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Friday 1 November 2013

Actions speak louder than labels

Most organisations label their activities: social services, health services, education services.  As soon as you label something you create a boundary around it that separates it from everything else: other services, organisations; the public; the people that use the service.

These 'boundary labels' filter and blinker people's thoughts and direct people's actions down specific routes, separating and fragmenting rather than joining up and integrating. If collaboration does take place it does so at the level of the labelled service; information is passed from one service to another rather than shared, discussed and developed in real time by all those individuals who have an interest in it. 

Susan is admitted to hospital after a long period of care and support at home. Her records are passed to the new service. But does everyone involved in Susan's case acknowledge, discuss and use the valuable information they contain? Do they use it to inform and enhance Susan's hospital care and treatment?

Passing something to social, health or some other service can become equivalent in people's minds to taking action to maintain or improve something; addressing and fixing the label is assumed to ensure that the parcel will actually be delivered to the right place at the right time and that the person who receives it will appreciate its importance and know what to do with it.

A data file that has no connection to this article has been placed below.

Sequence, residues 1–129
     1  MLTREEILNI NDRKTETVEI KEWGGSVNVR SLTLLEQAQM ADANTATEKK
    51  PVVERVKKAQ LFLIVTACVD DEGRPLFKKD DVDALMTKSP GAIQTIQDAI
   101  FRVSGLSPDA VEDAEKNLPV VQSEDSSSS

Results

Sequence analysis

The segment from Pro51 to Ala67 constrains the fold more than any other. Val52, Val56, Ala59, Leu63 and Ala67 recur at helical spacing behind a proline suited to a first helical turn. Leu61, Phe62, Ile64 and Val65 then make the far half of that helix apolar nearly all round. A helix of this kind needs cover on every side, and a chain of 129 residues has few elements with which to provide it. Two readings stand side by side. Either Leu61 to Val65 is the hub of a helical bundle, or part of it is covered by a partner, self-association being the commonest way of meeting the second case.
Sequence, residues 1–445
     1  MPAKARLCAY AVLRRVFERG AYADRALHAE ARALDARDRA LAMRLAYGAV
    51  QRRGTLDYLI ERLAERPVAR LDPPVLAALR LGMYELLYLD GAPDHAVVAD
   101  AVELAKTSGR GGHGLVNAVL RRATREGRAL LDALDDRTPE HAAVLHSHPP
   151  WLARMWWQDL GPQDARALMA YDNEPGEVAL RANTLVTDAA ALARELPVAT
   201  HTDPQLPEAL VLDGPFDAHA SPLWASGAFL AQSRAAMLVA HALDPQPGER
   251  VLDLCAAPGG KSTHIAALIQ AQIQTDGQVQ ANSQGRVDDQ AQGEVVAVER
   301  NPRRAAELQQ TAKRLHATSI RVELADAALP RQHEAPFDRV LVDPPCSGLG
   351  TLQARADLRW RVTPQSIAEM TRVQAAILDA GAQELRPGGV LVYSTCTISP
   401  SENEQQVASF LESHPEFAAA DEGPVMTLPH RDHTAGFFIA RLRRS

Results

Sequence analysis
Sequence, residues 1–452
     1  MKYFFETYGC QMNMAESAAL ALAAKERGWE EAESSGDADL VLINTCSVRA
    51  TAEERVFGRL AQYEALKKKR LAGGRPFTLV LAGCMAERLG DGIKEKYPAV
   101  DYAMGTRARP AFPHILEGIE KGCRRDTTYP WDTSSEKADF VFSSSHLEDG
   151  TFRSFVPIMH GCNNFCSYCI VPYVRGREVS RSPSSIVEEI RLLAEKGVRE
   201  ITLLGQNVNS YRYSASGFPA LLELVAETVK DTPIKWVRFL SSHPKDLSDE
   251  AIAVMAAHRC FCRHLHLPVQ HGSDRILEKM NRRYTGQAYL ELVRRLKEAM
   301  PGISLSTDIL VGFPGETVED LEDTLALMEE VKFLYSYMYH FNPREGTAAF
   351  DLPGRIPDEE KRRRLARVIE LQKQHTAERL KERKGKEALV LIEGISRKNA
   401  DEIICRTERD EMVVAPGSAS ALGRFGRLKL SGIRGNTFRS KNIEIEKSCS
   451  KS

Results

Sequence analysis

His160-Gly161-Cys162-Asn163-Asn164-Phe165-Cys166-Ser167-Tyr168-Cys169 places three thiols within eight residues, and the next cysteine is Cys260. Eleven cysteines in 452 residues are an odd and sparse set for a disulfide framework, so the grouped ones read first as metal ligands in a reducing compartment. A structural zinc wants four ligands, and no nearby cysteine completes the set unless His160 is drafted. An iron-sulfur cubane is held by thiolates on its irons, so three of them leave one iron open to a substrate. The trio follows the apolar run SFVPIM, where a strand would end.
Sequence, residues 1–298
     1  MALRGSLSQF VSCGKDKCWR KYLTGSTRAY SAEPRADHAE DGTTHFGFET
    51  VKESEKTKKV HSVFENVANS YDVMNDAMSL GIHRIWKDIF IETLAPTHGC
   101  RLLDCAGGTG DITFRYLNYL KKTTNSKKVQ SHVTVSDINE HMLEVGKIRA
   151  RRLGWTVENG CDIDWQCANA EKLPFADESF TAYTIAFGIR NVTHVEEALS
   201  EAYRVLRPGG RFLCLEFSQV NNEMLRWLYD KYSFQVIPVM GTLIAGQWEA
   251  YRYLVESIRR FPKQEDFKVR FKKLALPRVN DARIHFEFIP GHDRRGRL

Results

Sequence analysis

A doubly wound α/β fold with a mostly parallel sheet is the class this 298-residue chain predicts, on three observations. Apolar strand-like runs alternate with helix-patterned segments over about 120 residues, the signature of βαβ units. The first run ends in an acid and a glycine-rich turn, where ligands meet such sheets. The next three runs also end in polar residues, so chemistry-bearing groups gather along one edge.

To encourage and enhance collaboration use actions to describe your work. Actions liberate people's thinking. They invite people to take part. They dissolve boundaries between services and organisations, joining up and integrating rather than separating and fragmenting.  Preventing, promoting, intervening, supporting, protecting, caring, training, safeguarding, reaching, engaging: actions make things straightforward, personal and immediate. They describe physical behaviour that everyone can identify with, understand and find ways to contribute to, whatever their status, role, knowledge, expertise or experience.

Susan is admitted to hospital after a long period of care and support at home. She has a copy of her records and treatment plan. She can help 'inform and shape' the treatment and care she receives in partnership with the professionals. The actions of 'caring and treating' have become more important than acknowledging and negotiating labelled professional boundaries. If there is a collaborative initiative encouraging this approach it is most likely called 'Supporting the Patient's Journey to Recovery' or 'Supporting Your Journey to Recovery'  It definitely will not be called 'Patient Care and Hospital Services'.  

For more about collaboration go to: Sleeping-with-the-Enemy-Achieving-Collaborative-Success-2nd-Edition 

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